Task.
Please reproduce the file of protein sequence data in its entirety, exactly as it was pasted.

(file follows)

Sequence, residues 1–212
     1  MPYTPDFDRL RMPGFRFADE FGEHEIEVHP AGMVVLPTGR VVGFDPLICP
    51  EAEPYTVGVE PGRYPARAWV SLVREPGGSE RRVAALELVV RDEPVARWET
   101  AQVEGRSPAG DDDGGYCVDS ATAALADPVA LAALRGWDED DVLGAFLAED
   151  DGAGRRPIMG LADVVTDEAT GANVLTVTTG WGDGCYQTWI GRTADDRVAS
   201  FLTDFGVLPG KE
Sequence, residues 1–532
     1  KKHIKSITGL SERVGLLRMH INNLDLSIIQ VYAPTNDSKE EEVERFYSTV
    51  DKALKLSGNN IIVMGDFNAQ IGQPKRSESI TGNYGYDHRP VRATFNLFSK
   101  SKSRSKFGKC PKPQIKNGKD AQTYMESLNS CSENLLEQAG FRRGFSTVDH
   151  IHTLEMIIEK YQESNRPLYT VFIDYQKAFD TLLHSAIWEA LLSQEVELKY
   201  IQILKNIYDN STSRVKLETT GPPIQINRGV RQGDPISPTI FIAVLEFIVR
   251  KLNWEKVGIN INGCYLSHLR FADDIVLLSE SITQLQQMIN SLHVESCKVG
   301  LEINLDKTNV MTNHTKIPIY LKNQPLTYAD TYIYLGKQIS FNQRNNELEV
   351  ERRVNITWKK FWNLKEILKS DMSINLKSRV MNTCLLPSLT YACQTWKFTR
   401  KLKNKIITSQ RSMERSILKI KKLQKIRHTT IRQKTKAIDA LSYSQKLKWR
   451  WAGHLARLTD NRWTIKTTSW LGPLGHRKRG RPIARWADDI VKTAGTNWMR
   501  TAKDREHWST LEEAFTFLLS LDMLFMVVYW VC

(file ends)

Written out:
Sequence, residues 1–212
     1  MPYTPDFDRL RMPGFRFADE FGEHEIEVHP AGMVVLPTGR VVGFDPLICP
    51  EAEPYTVGVE PGRYPARAWV SLVREPGGSE RRVAALELVV RDEPVARWET
   101  AQVEGRSPAG DDDGGYCVDS ATAALADPVA LAALRGWDED DVLGAFLAED
   151  DGAGRRPIMG LADVVTDEAT GANVLTVTTG WGDGCYQTWI GRTADDRVAS
   201  FLTDFGVLPG KE
Sequence, residues 1–532
     1  KKHIKSITGL SERVGLLRMH INNLDLSIIQ VYAPTNDSKE EEVERFYSTV
    51  DKALKLSGNN IIVMGDFNAQ IGQPKRSESI TGNYGYDHRP VRATFNLFSK
   101  SKSRSKFGKC PKPQIKNGKD AQTYMESLNS CSENLLEQAG FRRGFSTVDH
   151  IHTLEMIIEK YQESNRPLYT VFIDYQKAFD TLLHSAIWEA LLSQEVELKY
   201  IQILKNIYDN STSRVKLETT GPPIQINRGV RQGDPISPTI FIAVLEFIVR
   251  KLNWEKVGIN INGCYLSHLR FADDIVLLSE SITQLQQMIN SLHVESCKVG
   301  LEINLDKTNV MTNHTKIPIY LKNQPLTYAD TYIYLGKQIS FNQRNNELEV
   351  ERRVNITWKK FWNLKEILKS DMSINLKSRV MNTCLLPSLT YACQTWKFTR
   401  KLKNKIITSQ RSMERSILKI KKLQKIRHTT IRQKTKAIDA LSYSQKLKWR
   451  WAGHLARLTD NRWTIKTTSW LGPLGHRKRG RPIARWADDI VKTAGTNWMR
   501  TAKDREHWST LEEAFTFLLS LDMLFMVVYW VC